New Orleans, LA—With the wild lion population at risk, the Audubon Zoo is doing their part to reverse the rapid decline.
In just 80 years, the lion population in the wild has decreased from 450,000 to just 20,000 today.
Working with the Association of Zoos and Aquariums’ (AZA) Species Survival Plan for lions, Audubon welcomed four lions into the habitat.
WATCH: According to Audubon, Nia, Kali, Zuri and Arnold were chosen to form the Audubon pride based on the best genetic and behavioral matches available to help bolster the lion population in human care.
The hope is successful breeding, leading to an increase of the lion population in human care.
Nia, Kali, Zuri, and Arnold were chosen to form the Audubon pride based on the best genetic and behavioral matches available.
Arnold, who came to Audubon from Wildlife Safari in Winston, Oregon, arrived in February and females Nia, Kali, and Zuri, who came from the Peoria Zoo in Peoria, Illinois, arrived in March.
“Lion introductions take quite a bit of time,” said Vice President and Audubon Zoo General Curator Joel Hamilton. “We are making sure the lions form a cohesive pride under the care of our expert animal team.”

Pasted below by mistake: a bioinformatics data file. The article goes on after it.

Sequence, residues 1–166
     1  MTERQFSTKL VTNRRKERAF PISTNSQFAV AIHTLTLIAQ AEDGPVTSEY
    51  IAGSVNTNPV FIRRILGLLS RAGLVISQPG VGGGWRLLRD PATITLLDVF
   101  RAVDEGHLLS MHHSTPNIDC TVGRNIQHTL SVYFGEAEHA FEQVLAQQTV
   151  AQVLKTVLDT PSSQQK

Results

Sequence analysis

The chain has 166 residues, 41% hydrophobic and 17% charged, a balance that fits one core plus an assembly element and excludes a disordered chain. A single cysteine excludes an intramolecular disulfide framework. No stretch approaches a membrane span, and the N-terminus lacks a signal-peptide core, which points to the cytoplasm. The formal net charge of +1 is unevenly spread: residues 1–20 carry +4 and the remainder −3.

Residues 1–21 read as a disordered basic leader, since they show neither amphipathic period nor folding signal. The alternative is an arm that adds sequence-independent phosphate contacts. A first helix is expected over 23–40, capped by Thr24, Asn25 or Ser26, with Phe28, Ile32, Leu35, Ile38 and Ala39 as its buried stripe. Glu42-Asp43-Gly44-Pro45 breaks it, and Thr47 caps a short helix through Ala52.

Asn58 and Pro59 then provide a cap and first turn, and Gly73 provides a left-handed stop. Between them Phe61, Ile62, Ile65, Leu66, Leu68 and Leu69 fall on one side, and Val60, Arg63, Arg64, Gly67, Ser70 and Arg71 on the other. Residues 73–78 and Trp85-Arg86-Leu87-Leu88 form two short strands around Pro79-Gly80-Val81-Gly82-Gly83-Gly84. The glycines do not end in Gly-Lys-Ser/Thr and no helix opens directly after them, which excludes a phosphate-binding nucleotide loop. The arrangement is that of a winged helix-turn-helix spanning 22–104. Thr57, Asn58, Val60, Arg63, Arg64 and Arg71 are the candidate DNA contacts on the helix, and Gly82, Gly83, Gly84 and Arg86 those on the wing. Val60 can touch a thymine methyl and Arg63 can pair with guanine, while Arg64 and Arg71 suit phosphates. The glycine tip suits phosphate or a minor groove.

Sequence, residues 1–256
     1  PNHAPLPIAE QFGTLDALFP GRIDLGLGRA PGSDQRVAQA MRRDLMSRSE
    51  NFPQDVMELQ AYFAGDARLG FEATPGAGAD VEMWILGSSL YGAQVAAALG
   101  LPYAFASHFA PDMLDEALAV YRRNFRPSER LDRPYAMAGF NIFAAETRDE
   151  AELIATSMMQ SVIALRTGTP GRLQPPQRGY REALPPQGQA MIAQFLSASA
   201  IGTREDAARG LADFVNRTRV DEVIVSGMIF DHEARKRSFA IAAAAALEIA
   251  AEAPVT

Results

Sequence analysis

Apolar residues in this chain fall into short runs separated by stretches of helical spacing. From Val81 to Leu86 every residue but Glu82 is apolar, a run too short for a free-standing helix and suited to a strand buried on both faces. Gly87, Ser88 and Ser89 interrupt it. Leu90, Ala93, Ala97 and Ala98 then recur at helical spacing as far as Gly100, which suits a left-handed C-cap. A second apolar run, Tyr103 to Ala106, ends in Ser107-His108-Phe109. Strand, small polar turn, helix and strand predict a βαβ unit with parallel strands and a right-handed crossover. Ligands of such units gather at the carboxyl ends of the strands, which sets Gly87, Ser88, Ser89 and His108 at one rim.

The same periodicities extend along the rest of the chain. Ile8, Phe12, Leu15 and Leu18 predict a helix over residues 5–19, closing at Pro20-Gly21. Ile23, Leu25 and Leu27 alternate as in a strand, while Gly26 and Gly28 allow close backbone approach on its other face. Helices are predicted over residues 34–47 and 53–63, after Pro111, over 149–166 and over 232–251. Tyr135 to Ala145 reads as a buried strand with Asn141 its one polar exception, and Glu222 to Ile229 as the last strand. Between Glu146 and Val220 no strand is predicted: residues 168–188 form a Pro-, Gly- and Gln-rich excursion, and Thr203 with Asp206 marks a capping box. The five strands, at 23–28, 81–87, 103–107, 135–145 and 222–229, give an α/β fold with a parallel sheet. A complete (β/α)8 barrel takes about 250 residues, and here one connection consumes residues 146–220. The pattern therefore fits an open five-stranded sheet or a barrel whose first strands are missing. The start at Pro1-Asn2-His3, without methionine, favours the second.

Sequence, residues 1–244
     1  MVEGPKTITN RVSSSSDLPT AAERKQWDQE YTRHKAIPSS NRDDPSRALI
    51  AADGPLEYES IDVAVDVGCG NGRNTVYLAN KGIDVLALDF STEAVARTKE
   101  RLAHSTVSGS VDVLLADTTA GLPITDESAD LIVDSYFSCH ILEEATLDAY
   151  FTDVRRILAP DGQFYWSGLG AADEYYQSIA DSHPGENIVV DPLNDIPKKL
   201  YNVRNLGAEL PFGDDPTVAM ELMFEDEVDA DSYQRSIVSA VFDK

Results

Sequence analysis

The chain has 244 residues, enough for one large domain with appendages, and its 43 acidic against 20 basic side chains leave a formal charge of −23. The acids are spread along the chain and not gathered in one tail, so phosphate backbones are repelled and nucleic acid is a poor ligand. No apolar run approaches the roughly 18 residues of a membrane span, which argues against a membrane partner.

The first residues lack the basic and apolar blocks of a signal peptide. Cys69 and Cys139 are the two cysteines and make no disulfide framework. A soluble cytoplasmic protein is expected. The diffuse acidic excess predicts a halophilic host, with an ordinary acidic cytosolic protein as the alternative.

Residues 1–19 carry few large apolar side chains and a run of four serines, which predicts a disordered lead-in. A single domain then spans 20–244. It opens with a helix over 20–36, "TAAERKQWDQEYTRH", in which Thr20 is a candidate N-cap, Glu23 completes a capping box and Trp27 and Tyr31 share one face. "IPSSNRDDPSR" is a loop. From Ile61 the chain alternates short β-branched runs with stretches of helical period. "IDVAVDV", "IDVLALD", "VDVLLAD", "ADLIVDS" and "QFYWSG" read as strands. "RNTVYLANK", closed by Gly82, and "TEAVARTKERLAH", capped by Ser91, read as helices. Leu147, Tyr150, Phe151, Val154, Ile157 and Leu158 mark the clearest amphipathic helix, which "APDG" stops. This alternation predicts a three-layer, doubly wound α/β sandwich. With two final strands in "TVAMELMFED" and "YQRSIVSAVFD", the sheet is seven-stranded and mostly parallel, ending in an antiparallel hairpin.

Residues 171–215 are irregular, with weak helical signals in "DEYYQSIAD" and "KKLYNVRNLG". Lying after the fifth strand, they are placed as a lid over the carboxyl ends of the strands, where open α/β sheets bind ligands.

The lions are spending time out of public view while getting adjusted to their new environment, and bonding as a social group.
Audubon was able to welcome the exhibit back thanks to a generous $5 million donation from philanthropists Joy and Boysie Bollinger, which funded the design and construction of the new lion exhibit.
The $5 million donation is the largest single gift Audubon Zoo has ever received from a private individual or family.
“Our travels to Africa over the years have taught us the true beauty of nature,” said Boysie Bollinger. “We are so pleased to be able to bring this experience to the children of New Orleans and to educate a new generation about this important species.”
— New Orleans Advocate (@theadvocateno) March 22, 2019
Lions are classified from threatened to critically endangered. Audubon, along with fellow AZA institutions, is partnering with organizations in Africa to mitigate conflict between farmers and lions, increase monitoring of the lion population’s numbers and distribution, and address habitat loss.
“We are excited to share current and future successes in lion conservation with our guests,” said Hamilton. “Lions face a number of threats in the wild, and our hope is to teach our visitors that people can coexist with these precious carnivores.”